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Scientists use AI to find promising new antibiotics to fight the evasive

Editor’s attention: Embargoed by the journal Nature Chemical Biology until Thursday, May 25 at 11 Easter

Editor’s attention: Embargoed by the journal Nature Chemical Biology until Thursday, May 25 at 11 Easter

Hamilton, ON, May 25, 2023 – Scientists at McMaster University and the Massachusetts Institute of Technology have used artificial intelligence to discover new antibiotics that could be used to fight deadly, drug-resistant pathogens that are attacking susceptible hospital patients.

The process they used could also accelerate the discovery of other antibiotics to treat many other challenging bacteria.

Researchers are responding to the urgent need for new drugs to treat Acinetobacter baumannii, identified by the World Health Organization as one of the most dangerous antibiotic-resistant bacteria in the world. Known as difficult to eradicate, A. baumannii can cause pneumonia, meningitis and infect wounds, all of which can result in death.

A. baumanni it is usually found in hospitals, where it can survive on surfaces for long periods of time. Pathogens are able to take up DNA from other bacterial species in their environment, including antibiotic-resistant genes.

In the study, published today in the journal Natural Chemical Biology, Researchers report they used an artificial intelligence algorithm to predict a new structural class of antibacterial molecules, and identified a new antibacterial compound, which they named abaucin.

Find new antibiotics to fight A. baumannii through conventional screening has been challenging. Traditional methods are time consuming, expensive, and limited in scope.

Modern algorithmic approaches can access hundreds of millions, perhaps billions of molecules with antibacterial properties.

“This work validates the benefits of machine learning in the search for new antibiotics,” said Jonathan Stokes, lead author of the paper and assistant professor in McMaster’s Department of Biomedical & Biochemistry, who conducted the work with James J. Collins, a professor of medical engineering and science at MIT, and student graduates McMaster, Gary Liu and Denise Catacutan.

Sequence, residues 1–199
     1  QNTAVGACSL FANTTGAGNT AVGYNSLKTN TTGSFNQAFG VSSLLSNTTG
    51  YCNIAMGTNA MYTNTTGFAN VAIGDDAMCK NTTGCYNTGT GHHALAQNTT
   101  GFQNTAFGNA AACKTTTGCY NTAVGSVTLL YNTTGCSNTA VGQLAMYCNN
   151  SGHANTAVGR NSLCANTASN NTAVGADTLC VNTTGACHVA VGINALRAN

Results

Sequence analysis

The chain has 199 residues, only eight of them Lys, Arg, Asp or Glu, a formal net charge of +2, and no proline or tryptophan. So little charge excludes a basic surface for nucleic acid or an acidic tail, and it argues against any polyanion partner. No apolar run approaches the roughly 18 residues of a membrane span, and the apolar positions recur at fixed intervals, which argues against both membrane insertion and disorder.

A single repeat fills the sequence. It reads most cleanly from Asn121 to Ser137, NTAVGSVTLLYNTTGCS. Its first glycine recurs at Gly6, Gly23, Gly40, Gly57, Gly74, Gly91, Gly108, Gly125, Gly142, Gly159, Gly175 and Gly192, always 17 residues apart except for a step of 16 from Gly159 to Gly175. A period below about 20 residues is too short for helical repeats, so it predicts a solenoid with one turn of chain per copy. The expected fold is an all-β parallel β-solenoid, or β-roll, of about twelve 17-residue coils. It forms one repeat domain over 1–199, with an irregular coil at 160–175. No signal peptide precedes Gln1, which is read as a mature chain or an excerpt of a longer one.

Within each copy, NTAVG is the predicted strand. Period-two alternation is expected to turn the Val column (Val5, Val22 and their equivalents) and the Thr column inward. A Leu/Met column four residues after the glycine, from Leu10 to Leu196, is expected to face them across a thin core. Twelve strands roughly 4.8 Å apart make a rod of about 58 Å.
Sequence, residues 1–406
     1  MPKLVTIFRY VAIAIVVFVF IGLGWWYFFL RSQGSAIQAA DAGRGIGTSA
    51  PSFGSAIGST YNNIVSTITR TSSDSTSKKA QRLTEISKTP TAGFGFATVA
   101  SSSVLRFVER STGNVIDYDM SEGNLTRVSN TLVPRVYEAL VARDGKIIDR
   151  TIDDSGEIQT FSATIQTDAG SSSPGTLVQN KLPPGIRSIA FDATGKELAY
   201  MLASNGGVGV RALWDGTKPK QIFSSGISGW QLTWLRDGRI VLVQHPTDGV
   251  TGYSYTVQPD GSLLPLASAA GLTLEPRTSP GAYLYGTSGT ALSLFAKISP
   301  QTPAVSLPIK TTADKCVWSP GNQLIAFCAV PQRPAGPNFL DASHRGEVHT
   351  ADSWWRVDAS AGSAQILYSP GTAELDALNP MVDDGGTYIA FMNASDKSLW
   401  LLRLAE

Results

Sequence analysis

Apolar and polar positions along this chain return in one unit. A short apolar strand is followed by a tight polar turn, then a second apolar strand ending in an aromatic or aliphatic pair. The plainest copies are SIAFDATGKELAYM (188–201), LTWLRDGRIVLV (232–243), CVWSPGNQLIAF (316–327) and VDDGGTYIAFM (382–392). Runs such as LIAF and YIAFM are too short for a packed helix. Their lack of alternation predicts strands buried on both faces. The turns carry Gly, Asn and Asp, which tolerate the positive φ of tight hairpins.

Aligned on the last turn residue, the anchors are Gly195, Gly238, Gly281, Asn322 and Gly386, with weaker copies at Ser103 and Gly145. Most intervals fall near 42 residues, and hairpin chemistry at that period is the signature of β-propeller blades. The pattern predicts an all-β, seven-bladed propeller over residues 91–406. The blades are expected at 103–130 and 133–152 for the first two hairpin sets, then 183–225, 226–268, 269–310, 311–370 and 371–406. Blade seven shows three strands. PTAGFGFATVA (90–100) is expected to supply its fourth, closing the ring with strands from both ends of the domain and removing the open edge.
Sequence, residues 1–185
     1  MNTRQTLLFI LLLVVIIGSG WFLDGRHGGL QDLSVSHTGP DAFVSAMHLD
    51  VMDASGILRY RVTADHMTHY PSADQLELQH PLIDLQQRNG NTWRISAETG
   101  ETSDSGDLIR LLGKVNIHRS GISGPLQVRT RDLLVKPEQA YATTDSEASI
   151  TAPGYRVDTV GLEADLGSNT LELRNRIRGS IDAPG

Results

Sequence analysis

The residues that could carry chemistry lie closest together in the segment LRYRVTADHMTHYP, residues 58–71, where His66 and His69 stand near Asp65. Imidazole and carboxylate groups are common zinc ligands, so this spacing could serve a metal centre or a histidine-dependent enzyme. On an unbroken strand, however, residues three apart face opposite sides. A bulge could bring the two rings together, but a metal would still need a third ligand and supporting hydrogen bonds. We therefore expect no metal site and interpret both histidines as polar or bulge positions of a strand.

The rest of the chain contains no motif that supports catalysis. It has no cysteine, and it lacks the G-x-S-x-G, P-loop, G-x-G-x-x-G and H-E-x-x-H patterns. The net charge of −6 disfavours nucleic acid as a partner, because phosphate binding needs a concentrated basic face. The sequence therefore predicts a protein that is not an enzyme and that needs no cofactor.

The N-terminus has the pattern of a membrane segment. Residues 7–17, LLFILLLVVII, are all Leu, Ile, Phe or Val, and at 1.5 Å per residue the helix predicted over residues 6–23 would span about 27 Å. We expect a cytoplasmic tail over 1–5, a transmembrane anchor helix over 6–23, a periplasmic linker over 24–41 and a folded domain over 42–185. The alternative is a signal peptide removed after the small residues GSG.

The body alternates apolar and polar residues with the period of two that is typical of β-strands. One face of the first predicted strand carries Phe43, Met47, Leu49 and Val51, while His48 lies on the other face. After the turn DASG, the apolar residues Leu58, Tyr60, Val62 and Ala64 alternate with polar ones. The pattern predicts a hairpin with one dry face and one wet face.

“By using AI, we can quickly explore large regions of the chemical space, significantly increasing the chances of discovering fundamentally new antibacterial molecules,” said Stokes, who is a Fellow of McMaster’s Global Nexus School for Pandemic Prevention and Response.

“AI approaches to drug discovery are here to stay and will continue to be refined,” said Collins, chair of the Life Sciences faculty at the MIT Abdul Latif Jameel Clinic for Machine Learning in Health. “We know the algorithmic model works, now it’s just a matter of widely adopting this method to find new, more efficient and less expensive antibiotics.”

Abaucin holds great promise, report the researchers, because it only targets A. baumanniian important finding that means pathogens are less likely to quickly develop drug resistance, and that can lead to more appropriate and effective treatments.

Most antibiotics are broad-spectrum, meaning they kill all the bacteria, disrupting the gut microbiome, which opens the door to a number of serious infections, including Difficult.

“We know broad-spectrum antibiotics are not optimal and that pathogens have the ability to evolve and adapt to every trick we throw at them,” said Stokes. “AI methods give us the opportunity to significantly increase the speed of discovery of new antibiotics, and we can do this at a lower cost. This is an important avenue of exploration for new antibiotic drugs.”

Editor’s note: High resolution photos with credit information may be downloaded for use hereink:

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